Meewella | Fragments

The Life of P

Tag: anthony strong

Musically Connected

Stepping OutAbout a month ago I joked that musically, if nothing else, this year works. I realised in a recent conversation that because, entirely by coincidence, a bunch of friends and acquaintances are all releasing new albums this year, I probably sound far better connected than I actually am. I fully expect the number to drop to zero next year. But for now, I have three album releases to bring to your attention.

I have mentioned jazz singer/pianist Anthony Strong here before, though arguably not as often as I ought. Recently signed to French label Naive records, his new album Stepping Out is fantastic. Quite aside from the fact we have known each other since primary school, the album’s quality has now been independently verified after the reception it received at Keggfest. Meanwhile Lauren and I can both attest that the launch party at the Hippodrome casino was a roaring success, requiring some remedying the following day!

Georgia Train of Bitter RuinWhilst they have continued to play regular live shows, honing their sound and exploring new ways to increase their exposure, it has been several years since Bitter Ruin released a full-length album. Now Georgia and Ben have turned to Kickstarter to fund their new album after some calculations revealed it would be cheaper to build their own studio than to pay for the studio time they need. Having put up the first £10,000, they needed another £20,000 from Kickstarter. They need not have been apprehensive given the overwhelming support they received, with the entire sum being pledged within 12 hours. They have ten days left to go, and further funds will help with session musicians and the like, as well as securing you some cool merch. Give it a look, if only for the brilliant animated video that charts the pair’s history condensed to a couple of minutes. Personally, I am rather excited to see the end results of the full canvas paintings Georgia has been working on for one of the higher reward tiers.

Jaz Delorean of Tankus the HengeFinally, although I have seen Jaz Delorean play solo sets on  regular basis, I had neglected to see his band Tankus the Henge, despite the fact I am hardly in a position to fault their nocturnal habits (routinely going on-stage around midnight). The release of their debut album seemed like an ideal opportunity to rectify this oversight, with a brilliant launch show at The Lexington. About as difficult to categorise as Bitter Ruin, Jaz describes his gravelly vocals as “like a younger Tom Waits” which is “crossed with Madness” once you add the full band. With smoke billowing out of an upright piano adorned with piping and dials as their fans cavort in steampunk attire, their live shows are certainly quite a sight. You can catch them all round the UK this summer.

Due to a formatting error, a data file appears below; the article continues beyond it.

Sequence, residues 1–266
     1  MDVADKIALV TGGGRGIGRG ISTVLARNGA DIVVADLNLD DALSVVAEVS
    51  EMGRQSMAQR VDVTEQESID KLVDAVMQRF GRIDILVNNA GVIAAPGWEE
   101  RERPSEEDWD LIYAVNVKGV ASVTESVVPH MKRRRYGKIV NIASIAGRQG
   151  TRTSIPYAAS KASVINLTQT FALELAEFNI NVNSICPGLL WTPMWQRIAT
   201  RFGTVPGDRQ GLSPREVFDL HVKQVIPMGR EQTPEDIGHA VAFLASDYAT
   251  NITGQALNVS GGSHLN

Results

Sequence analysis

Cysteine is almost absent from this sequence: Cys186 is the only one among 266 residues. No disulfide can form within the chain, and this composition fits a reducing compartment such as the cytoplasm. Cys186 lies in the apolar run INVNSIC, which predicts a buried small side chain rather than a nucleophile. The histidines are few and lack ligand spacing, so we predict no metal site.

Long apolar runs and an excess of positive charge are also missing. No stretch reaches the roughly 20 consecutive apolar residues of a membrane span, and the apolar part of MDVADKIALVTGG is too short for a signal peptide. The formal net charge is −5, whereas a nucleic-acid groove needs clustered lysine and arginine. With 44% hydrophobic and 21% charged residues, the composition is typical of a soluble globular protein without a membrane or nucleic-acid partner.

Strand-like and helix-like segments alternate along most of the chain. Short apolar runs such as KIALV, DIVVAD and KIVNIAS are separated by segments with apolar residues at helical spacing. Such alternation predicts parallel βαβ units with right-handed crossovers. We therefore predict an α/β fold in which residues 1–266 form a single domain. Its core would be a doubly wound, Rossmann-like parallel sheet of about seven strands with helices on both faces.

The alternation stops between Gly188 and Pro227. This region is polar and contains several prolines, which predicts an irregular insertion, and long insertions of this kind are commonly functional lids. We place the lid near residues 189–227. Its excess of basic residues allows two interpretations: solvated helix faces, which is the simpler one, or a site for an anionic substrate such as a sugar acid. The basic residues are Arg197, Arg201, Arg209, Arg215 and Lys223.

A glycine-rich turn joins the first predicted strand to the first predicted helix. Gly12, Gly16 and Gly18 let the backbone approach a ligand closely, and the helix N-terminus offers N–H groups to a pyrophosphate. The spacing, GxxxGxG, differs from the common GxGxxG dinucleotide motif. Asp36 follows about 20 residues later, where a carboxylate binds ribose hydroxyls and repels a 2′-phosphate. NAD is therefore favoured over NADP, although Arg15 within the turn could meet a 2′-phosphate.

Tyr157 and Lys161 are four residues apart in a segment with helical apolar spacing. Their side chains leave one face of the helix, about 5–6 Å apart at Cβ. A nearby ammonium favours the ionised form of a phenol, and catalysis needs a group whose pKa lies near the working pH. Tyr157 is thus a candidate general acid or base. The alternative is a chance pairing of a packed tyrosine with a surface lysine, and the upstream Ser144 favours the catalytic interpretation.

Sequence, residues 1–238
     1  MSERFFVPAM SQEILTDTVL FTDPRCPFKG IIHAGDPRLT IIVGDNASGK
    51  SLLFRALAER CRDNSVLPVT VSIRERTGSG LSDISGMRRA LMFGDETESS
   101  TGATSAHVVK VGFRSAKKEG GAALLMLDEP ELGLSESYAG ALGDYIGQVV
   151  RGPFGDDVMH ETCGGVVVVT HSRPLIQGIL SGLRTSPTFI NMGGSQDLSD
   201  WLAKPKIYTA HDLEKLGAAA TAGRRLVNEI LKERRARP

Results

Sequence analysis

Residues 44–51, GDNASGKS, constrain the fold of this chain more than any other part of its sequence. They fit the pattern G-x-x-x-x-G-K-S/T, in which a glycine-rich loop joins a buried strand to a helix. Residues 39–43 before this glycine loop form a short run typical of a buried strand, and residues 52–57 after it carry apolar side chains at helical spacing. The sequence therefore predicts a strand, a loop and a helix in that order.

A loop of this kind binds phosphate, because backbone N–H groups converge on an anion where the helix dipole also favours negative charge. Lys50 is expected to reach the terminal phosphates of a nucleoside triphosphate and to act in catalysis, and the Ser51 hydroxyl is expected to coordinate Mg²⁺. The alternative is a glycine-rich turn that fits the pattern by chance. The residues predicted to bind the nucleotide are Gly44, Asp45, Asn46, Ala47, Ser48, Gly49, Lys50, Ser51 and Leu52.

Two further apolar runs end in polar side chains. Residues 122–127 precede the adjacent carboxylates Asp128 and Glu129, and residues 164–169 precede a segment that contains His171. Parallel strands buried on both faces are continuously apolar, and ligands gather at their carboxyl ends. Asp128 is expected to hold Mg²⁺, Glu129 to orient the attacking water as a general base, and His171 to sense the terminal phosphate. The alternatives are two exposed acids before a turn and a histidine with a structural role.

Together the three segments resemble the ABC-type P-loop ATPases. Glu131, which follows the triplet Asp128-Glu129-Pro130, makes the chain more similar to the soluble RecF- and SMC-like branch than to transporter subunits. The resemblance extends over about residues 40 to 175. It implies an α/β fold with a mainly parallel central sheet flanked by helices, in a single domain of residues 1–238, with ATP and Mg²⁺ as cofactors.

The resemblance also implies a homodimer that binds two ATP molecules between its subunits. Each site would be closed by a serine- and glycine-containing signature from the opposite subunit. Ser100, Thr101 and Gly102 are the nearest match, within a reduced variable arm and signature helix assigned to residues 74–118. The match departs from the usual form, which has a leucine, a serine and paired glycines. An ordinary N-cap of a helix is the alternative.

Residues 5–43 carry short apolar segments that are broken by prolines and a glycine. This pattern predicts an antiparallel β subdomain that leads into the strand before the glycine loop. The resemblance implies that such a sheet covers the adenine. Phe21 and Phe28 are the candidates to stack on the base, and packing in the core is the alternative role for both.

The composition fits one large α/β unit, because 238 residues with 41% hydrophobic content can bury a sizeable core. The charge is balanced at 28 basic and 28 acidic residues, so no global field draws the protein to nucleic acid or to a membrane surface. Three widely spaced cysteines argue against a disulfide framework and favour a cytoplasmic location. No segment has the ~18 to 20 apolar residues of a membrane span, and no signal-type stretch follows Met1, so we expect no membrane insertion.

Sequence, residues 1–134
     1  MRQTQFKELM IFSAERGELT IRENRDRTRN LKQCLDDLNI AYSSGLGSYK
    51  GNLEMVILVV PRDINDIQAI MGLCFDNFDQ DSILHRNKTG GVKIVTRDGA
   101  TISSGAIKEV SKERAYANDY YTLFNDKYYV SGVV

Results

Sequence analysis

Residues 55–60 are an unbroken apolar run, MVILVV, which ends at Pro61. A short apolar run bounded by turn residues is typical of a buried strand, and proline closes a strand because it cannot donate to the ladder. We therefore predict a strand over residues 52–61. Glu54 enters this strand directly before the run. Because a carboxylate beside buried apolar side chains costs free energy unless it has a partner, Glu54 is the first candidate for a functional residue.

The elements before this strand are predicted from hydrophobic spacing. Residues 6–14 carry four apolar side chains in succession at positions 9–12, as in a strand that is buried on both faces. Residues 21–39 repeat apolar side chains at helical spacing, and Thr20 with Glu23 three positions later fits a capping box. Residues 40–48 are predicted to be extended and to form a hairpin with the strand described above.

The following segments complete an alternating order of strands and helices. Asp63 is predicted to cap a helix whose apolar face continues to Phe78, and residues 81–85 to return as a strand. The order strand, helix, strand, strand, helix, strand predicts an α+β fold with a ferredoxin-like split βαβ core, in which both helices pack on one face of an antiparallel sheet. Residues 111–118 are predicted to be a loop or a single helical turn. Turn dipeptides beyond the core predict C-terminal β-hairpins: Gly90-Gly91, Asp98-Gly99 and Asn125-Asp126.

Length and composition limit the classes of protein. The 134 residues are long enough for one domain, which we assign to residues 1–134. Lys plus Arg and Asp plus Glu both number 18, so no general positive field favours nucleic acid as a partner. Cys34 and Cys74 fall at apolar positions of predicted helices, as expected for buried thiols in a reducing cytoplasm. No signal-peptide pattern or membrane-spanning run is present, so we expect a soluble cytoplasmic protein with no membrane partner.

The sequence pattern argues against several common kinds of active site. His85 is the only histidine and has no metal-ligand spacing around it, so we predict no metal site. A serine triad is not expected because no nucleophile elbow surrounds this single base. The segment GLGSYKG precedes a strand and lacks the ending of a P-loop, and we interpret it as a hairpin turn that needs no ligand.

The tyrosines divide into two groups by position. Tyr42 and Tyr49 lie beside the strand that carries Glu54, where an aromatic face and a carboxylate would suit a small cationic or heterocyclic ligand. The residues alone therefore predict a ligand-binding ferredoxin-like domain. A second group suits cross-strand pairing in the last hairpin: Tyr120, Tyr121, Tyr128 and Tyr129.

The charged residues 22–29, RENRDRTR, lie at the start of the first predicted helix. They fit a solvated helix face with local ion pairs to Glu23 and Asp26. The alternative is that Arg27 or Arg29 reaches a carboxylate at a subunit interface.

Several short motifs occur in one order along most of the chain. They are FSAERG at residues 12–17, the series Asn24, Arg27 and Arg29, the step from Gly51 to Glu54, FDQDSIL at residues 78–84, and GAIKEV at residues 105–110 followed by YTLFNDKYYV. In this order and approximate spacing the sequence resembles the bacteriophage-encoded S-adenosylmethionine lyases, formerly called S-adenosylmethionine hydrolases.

Couple these three with finally seeing Sigur Rós in February and Voltaire in May, and you can see why I am suitably content to rely on music to see me through the year, if nothing else will. Any other recommendations are welcome as always.

Musically Sociable

Today I am plugging a couple of musical selections linked predominantly by their social effect on my life. First up is a new music video from jazz singer/pianist Anthony Strong, For Once In My Life from his Delovely EP. Anthony is an old school friend of mine (as in we went to school together, not that he is old school). Anthony is the sort of person whose talent would be infuriating if he were not such a lovely, unassuming chap. He was also responsible for my initial introduction to some of London’s top burlesque performers, while he performed on that circuit. That has certainly led to a few of the more memorable nights out in the past few years. Unfortunately we seem to have reached a point where his releasing a CD or video is what reminds me that we are long overdue a drink. Therefore it is terribly important that you support him so that he can keep making great music and I can remember to catch up with him.

Next up, Amanda Palmer is again using Kickstarter to crowdsource funding but this time it is a little more ambitious: raising funds outside of a label to produce and promote her new album and an accompanying artbook, and to embark upon a worldwide tour with a new band. Any donation above a dollar nets a copy of the album, and backers have access to the first single now. This return to a patronage system (albeit a distributed one: people have donated anywhere between $1 and $10,000 each) is, she proclaims, the future of music and I am inclined to agree. I am always fascinated by the varied fans she has hidden amongst my friends, who crawl out of the woodwork whenever I mention her, whilst the crowds at her gigs are amongst the easiest to strike up a conversation and connect with if I find myself there alone — after all, at least half of them are guaranteed to be Neil Gaiman fans too. This summer she plays a sold-out London gig the day Jenna and her family arrive. Having been able to witness Jenna’s first real gig experience back in New Orleans (it was A Perfect Circle), accompanying her to her first London gig is almost as enticing a prospect.

If you happen not to care about music then, aside from the fact you have no soul, you may wish to check out the following:

"Luck is the residue of design."

(CC) BY-NC 2004-2021 Priyan Meewella

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